Just as important as making our enlisted Marines, is making the officers that are in charge of them. A lot has been written about the initial process of making the toughest and most decorated fighting force in the history of the U.S. Military. U.S. Marine Corps boot camp is one of the most famous military trainings of them all. Enshrined for eternity in the movie Full Metal Jacket, boot camp is synonymous with hell broken loose for anyone entering the military, particularly for Marines recruits.
However, after those civilians have been turned into fighting machines and completed their Military Occupational Schools, they are sent to the U.S. Marine Corps Fleet and assigned to platoons under the command of freshly graduated U.S. Marine Corps second lieutenants. The command at the unit level is one of the crucial concepts for the formula for success concatenated through blood and sweat left on the battlefield since 1775. This video shows the process of making those second lieutenants, a.k.a. officer butter bars, at the U.S. Marine Corps’ Officer Candidates School in Quantico, Virginia, the crossroads of the Marine Corps.
Becoming an officer in the United States Marine Corps far surpasses a career. No job will test your mental and physical limits more than becoming a Marine Officer. There is no greater path of distinction.
The purpose of Marine Corps’ Officer Candidates School is to train, screen and evaluate officer candidates for service in the USMC. There are many paths that lead to becoming a Marine Officer, including the platoon’s leaders’ class, officer candidate course, and the bulldog course.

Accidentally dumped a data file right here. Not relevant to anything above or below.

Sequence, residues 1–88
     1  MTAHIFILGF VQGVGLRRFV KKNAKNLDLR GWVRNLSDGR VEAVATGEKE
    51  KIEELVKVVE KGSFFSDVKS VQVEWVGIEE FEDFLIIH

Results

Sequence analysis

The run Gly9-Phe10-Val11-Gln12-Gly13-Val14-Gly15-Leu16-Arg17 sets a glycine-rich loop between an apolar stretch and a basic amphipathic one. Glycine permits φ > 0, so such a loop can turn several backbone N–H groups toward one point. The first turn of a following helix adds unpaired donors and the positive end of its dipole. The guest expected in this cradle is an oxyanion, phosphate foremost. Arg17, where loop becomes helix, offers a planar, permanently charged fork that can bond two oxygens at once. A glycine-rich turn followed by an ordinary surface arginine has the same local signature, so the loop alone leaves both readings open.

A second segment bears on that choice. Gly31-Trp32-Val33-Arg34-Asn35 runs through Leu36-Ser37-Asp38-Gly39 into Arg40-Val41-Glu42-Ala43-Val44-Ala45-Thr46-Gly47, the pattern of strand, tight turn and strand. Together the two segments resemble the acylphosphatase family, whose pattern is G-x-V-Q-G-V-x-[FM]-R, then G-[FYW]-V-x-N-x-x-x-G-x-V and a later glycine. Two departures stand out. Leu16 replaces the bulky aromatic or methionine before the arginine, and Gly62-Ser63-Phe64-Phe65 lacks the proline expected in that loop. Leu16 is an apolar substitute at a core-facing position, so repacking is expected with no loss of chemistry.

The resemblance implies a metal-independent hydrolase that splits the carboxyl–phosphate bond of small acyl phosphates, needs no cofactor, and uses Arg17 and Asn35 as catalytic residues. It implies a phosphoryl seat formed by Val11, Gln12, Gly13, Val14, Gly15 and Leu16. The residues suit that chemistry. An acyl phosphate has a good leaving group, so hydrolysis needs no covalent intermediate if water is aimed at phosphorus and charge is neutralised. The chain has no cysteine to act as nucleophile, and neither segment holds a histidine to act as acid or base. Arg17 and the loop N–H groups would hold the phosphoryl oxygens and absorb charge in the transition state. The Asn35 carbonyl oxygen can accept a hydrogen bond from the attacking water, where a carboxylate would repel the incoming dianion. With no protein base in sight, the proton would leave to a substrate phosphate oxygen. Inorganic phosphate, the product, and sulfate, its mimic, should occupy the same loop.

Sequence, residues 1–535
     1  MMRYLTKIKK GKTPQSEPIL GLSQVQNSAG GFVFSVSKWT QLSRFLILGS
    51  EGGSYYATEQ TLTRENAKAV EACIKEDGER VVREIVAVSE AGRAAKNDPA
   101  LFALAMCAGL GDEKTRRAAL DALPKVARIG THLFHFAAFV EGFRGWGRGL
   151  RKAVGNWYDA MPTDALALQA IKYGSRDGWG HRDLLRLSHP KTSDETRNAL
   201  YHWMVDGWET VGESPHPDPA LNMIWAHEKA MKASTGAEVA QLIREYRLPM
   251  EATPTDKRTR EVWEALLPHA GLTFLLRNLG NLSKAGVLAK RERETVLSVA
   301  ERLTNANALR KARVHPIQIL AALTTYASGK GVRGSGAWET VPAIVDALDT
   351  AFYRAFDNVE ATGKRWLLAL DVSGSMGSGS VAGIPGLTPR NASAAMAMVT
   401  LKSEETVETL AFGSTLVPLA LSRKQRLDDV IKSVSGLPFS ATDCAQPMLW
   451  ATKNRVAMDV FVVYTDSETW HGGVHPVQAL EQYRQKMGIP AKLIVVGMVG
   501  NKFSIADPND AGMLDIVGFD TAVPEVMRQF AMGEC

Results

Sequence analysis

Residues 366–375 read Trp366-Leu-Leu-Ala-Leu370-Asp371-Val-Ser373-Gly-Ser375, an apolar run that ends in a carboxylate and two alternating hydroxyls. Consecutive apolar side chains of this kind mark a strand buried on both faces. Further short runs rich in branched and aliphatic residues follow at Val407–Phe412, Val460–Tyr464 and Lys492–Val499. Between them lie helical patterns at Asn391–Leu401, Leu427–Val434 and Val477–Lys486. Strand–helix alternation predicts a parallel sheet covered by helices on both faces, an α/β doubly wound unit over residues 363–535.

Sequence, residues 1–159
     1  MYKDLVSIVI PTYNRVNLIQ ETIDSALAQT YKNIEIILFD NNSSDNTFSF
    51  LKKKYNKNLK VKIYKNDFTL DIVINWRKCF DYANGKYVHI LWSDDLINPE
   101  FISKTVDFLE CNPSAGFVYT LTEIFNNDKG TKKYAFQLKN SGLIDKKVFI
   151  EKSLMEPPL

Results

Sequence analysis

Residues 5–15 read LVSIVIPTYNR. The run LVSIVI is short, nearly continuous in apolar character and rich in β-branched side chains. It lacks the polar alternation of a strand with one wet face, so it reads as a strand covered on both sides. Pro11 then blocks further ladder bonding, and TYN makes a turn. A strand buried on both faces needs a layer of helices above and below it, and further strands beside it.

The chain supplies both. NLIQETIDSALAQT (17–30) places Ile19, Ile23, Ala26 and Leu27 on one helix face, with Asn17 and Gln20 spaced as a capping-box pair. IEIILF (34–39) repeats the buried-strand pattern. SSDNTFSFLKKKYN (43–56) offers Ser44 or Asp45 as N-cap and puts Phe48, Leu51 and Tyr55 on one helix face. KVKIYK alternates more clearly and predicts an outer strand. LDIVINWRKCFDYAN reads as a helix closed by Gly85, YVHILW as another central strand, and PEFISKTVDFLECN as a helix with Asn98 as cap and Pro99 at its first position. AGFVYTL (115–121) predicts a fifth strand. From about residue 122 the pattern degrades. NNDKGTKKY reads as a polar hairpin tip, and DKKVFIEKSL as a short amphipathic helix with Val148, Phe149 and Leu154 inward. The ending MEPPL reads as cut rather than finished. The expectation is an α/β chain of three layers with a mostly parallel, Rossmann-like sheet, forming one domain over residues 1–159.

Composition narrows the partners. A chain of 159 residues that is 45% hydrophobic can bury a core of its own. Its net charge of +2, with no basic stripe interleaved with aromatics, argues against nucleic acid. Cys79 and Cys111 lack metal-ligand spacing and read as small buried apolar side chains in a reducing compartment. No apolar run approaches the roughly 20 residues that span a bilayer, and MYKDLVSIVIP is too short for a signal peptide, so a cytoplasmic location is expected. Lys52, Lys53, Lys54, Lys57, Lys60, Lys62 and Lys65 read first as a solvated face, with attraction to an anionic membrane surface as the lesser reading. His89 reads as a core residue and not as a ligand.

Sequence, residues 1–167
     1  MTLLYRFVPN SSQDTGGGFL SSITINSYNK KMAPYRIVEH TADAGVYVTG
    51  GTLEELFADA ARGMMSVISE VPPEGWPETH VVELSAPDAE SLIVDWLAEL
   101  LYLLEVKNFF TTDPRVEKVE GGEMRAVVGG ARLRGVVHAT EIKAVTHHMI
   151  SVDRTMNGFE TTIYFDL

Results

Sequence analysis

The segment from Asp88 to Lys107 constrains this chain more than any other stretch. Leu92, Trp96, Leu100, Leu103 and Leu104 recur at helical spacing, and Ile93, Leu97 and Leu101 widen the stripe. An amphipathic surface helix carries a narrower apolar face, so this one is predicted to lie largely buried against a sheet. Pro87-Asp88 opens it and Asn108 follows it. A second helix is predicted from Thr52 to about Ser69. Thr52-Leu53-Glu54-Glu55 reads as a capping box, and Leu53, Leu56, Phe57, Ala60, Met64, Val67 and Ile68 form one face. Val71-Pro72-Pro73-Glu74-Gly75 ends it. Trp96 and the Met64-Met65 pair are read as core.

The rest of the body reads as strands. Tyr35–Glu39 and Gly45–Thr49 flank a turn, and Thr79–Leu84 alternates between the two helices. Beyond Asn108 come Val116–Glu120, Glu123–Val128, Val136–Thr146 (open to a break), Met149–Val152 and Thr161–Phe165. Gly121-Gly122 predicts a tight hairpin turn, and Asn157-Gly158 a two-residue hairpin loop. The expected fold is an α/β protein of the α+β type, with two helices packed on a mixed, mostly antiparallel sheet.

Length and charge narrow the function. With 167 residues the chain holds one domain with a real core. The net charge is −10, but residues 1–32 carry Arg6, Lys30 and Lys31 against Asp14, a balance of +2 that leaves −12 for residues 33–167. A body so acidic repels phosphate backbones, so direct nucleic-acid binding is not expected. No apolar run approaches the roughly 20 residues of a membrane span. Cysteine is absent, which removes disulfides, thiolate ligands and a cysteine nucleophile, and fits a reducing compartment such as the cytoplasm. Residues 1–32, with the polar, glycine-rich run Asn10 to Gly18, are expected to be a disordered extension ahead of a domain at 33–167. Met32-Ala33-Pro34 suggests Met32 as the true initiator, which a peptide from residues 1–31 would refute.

Great Americans go to OCS, people that want to serve their nation. OCS seeks qualified applicants and helps them in applying for Marine Officer programs. It helps prepare candidate for the most thorough and demanding leadership training in the nation. The ones that make it to OCS are looking for leadership, challenge, professional development, and are looking above and beyond possibilities they never thought would be possible.
Candidates arrive to OCS from colleges around the country. They may come from different backgrounds, but they all come for the challenge of leading other Marines. They want to be part of something that is bigger than they are. The training is a sharp contrast from life on campus. At OSC every event has a purpose. The applicants are trained to act quickly and decisively in a fast pace environment. If they can’t do it there, then they won’t be able to do it in combat.
The candidates are evaluated in three categories, physical fitness, academics, and leadership. Leadership potential is the biggest factor. Every candidate is given the chance to lead so the potential and desire can be measured among chaos and uncertainty.